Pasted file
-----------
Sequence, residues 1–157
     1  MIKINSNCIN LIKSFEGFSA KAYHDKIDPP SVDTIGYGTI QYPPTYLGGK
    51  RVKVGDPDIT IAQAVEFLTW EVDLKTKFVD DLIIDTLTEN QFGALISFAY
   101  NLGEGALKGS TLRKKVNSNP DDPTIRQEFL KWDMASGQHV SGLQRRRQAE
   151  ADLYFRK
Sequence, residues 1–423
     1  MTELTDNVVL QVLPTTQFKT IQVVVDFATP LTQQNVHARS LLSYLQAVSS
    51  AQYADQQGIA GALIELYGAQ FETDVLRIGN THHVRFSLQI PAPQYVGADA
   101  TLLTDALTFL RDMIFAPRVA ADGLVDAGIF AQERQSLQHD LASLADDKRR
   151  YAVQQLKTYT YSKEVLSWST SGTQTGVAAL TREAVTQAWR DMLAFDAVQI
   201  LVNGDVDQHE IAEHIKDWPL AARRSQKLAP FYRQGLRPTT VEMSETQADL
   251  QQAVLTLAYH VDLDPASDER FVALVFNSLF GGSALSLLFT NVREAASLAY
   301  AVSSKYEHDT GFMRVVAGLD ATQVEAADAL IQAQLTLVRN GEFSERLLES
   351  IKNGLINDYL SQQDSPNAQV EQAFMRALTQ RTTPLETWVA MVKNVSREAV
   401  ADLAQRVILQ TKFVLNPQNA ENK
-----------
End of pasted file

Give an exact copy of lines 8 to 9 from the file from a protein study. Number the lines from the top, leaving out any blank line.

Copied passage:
    51  AQYADQQGIA GALIELYGAQ FETDVLRIGN THHVRFSLQI PAPQYVGADA
   101  TLLTDALTFL RDMIFAPRVA ADGLVDAGIF AQERQSLQHD LASLADDKRR